“The problem is, it’s not really a good use of tens of thousands of dollars to change the fire hearth when its carbon output is minimal,” she said. “It just doesn’t make sense.”

With no suitable alternative to fuel the hearth, the city fired it up last winter from about Thanksgiving through March, running it from roughly 2 to 7 p.m. daily, according to Jeff Woods, city parks director.

For a one-month period, the highest gas bill for the hearth last winter was $299. The gas flames are complemented by electric radiant heat cast downward by elements in the roof.

Ireland questions the hearth’s effectiveness as a heater, if nothing else. “It does not keep anybody warm,” he said.

“I think it’s a colossal waste of resources,” said Aspenite Josh Griggs, seated at a table near the hearth last week. “If you’re cold, go inside, or get a better coat.”

If Aspen expected the cherubic faces of children toasting marshmallows reflected in the warm glow of its ring of fire, the town was perhaps surprised by the crowd that often gathers in the fading light of winter afternoons.

A decidedly seedier element often congregates there, resulting in arrests for public drinking and a couple of well-publicized cases involving charges of contributing to the delinquency of a minor and unlawful sexual contact that are still wending their way through the court system. While the alleged incidents took place at another trouble spot, Aspen’s nearby bus station, police reports tie the events to activities at both locales.

“Who it has attracted – I’m not sure we foresaw that,” Woods concedes.

The hearth, like the bus station and certain watering holes, is a regular stop for police officers on patrol in downtown Aspen, according to department spokesperson Stephanie Dasaro.

“For us, the fire pit is just one more place we make sure we check out,” she said.

Chris Bendon, the city’s director of community development, maintains the hearth is considered a “neat element” for the town, but one detractor labeled it a “troubling nuisance” in a letter to the editor last winter.

“Each day a group of middle-aged men gather around the fire and progressively become more and more foul. As the sun goes down and more liquor is consumed, the conversation turns to profanity. The atmosphere is intimidating and completely inappropriate for the heart of town, which has long been a family gathering point,” wrote Bret Mitchell of Aspen. “How long is the city/police going to tolerate this obscene and potentially dangerous behavior?”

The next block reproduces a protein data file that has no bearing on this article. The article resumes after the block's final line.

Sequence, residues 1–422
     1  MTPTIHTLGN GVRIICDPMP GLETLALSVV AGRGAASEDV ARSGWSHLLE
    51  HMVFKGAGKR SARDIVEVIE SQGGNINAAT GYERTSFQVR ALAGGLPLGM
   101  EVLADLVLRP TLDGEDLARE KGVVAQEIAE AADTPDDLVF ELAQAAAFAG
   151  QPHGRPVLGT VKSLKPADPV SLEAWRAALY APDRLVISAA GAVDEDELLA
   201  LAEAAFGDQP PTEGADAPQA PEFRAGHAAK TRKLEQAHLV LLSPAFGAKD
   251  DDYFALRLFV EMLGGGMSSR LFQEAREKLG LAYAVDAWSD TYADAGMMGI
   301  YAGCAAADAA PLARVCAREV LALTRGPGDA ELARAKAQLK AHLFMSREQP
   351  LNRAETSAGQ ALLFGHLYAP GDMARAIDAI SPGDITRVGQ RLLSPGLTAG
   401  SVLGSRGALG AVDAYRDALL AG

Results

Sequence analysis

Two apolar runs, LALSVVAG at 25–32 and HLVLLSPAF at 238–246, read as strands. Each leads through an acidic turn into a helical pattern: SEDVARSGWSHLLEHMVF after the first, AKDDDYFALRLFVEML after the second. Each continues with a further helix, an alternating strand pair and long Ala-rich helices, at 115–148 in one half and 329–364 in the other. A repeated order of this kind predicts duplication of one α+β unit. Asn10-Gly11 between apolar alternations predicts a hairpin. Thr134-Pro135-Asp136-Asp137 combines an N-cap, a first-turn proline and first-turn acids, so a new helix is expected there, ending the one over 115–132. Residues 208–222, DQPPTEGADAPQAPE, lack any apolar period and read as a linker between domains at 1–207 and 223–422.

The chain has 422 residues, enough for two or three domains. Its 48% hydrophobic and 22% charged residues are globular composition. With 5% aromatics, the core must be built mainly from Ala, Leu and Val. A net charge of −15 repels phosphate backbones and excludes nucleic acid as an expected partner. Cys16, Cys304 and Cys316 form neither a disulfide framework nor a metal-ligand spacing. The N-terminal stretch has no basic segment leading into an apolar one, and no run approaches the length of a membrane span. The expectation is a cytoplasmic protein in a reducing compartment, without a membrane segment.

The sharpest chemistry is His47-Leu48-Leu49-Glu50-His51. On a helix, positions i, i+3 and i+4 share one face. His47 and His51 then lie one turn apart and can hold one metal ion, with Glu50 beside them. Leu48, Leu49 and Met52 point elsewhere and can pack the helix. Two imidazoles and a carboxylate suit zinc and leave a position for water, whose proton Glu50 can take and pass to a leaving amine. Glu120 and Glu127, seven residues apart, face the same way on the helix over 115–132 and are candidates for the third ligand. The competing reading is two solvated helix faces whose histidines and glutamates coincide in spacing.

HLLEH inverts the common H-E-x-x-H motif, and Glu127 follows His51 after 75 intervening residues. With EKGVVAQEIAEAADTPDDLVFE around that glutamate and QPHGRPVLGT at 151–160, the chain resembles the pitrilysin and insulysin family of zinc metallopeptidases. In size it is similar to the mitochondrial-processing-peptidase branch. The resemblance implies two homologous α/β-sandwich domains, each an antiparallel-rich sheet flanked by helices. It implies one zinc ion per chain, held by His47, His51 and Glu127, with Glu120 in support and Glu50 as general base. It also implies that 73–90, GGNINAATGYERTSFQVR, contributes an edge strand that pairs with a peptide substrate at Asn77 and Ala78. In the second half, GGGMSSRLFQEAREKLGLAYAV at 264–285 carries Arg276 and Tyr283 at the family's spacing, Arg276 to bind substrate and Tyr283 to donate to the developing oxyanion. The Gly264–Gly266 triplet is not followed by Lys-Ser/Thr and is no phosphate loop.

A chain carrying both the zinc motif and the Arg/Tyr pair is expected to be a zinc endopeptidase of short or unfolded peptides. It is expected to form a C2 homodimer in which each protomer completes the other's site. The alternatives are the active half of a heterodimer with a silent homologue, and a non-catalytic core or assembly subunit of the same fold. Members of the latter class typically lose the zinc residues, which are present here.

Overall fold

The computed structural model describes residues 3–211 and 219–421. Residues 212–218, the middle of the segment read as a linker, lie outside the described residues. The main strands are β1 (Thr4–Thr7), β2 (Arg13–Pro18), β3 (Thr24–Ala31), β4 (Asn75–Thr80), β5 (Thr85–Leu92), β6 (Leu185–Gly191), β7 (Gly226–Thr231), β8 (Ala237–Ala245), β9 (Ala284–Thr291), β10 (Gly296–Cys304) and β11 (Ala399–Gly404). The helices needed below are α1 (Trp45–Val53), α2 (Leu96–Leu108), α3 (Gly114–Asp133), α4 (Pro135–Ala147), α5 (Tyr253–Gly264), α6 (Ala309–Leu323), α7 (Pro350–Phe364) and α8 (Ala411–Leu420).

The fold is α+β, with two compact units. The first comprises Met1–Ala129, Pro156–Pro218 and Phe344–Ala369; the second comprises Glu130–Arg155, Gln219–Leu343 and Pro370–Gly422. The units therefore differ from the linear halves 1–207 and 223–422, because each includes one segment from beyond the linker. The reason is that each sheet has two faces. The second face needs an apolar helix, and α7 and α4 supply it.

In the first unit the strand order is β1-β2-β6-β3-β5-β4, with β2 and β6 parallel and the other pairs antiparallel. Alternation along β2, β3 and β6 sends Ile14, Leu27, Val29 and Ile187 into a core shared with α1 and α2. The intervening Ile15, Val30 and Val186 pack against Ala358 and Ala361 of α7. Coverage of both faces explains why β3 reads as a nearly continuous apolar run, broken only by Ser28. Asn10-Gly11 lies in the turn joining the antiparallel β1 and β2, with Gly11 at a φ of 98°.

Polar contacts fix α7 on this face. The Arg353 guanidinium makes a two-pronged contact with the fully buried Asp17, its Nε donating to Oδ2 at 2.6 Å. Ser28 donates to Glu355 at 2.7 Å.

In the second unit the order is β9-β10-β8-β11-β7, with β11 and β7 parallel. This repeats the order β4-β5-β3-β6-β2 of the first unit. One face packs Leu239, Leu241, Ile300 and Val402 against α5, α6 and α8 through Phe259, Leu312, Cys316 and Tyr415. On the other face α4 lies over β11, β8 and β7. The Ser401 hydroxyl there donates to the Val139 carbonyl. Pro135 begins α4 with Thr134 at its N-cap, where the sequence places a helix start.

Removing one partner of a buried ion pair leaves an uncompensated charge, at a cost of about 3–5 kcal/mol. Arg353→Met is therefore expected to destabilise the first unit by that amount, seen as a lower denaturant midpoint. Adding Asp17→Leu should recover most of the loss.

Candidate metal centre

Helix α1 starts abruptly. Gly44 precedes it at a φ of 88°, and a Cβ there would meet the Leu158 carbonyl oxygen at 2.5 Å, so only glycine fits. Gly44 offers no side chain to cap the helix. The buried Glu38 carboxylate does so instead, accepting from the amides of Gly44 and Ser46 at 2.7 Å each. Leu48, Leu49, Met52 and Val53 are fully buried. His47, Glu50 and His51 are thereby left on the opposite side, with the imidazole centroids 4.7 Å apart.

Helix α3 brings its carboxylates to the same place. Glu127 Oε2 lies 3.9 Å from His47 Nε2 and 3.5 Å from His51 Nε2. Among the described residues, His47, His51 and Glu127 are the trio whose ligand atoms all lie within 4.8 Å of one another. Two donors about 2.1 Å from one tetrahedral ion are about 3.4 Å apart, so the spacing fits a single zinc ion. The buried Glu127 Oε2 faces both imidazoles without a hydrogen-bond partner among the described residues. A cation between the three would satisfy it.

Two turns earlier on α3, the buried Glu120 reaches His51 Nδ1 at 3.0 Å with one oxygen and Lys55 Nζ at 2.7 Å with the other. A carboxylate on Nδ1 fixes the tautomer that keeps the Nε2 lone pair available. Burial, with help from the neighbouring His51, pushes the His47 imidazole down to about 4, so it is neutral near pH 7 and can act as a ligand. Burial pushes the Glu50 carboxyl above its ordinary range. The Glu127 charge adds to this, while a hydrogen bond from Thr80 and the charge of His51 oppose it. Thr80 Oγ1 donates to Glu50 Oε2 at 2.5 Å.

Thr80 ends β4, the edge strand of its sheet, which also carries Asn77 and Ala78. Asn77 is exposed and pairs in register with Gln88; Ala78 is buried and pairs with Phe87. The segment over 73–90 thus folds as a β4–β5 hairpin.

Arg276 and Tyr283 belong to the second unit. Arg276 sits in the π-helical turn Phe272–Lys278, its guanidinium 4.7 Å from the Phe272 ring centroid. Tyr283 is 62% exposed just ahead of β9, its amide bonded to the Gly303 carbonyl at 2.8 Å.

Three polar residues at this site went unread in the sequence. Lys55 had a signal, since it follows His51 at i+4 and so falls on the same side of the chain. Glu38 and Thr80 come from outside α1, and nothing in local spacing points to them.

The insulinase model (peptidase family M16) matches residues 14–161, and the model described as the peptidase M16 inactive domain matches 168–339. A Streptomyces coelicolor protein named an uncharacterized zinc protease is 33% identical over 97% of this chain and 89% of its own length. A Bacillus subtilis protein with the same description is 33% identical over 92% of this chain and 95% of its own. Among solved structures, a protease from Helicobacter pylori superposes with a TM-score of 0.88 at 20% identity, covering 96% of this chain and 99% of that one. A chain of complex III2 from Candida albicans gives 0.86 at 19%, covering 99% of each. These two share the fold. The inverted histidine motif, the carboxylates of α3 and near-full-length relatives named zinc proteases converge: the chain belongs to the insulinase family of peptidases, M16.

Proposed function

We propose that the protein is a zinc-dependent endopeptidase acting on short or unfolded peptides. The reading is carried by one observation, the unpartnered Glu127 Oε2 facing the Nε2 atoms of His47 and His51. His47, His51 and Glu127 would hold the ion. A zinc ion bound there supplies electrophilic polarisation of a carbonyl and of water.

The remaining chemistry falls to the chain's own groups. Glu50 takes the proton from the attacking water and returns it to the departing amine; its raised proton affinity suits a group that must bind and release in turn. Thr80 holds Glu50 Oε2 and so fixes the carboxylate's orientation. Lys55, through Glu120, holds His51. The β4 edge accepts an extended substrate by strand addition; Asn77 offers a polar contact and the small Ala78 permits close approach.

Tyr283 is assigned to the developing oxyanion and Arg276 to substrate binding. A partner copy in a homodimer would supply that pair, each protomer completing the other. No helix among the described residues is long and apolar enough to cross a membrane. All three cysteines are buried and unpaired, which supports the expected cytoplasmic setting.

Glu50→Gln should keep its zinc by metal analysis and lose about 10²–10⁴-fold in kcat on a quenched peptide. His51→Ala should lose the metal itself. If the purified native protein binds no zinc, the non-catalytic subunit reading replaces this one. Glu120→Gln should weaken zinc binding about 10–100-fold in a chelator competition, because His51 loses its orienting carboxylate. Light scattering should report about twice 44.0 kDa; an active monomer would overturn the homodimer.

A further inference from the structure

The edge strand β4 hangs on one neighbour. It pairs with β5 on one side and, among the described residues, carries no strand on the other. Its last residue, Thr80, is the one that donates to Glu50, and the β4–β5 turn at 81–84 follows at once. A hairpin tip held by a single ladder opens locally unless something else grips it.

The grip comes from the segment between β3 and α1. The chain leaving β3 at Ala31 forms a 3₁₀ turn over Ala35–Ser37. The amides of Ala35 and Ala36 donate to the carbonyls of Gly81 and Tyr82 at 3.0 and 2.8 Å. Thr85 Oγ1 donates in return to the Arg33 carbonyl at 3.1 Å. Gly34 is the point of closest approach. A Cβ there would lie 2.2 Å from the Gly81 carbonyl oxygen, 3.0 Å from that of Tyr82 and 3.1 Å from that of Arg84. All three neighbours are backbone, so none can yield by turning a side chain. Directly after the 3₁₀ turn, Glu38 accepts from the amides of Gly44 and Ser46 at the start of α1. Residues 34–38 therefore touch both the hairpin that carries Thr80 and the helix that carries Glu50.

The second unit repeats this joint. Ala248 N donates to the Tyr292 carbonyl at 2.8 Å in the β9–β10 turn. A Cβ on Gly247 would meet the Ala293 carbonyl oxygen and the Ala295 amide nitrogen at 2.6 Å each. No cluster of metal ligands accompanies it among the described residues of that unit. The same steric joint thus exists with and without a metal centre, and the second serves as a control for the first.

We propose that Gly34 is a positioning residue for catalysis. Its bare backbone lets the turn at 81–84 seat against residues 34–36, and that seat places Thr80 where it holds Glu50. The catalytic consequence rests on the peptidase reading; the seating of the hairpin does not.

“It’s attracting the wrong element,” agreed a retailer in the vicinity, who asked not to be identified. “They use such foul language, dropping F-bombs all over the place.

“I like the idea of a fire pit, but it’s not working.”

“A weird crowd is what I see around it usually,” agreed Mike Milota. As stage manager at nearby Belly Up Aspen, he passes by the site regularly and hangs out there himself on occasion.

“It’s really a nice version of the 55-gallon drum,” Milota said, in reference to the fire container traditionally favored by those down on their luck.

“It’s a good idea, but as a way to get people together, it needs to be rethought,” he added.

But supporters defend the hearth as an egalitarian gathering place – one that everyone can afford to enjoy.

“I think it’s a nice aesthetic. Even though it attracts a lot of teenagers and people who would be considered transient, they’re often not occupying that space,” said Dennis Dodson, an art consultant for nearby Pismo Fine Art Glass. “I have to say, sometimes when I’m taking a break, I’ll go over and sit there myself.”

“The fire pit is really kind of a conundrum,” said former Mayor Klanderud. “It has positive aspects and clearly can be an attractive nuisance.

“I don’t think you accept the fact that people are hanging out, getting drunk,” she said, suggesting some kind of solution can be found. “For a community that is apparently as intelligent and creative as this one, there’s got to be an answer to that.”

But the nature of that solution, and how to douse the controversy over the hearth’s environmental impact, remains the burning question.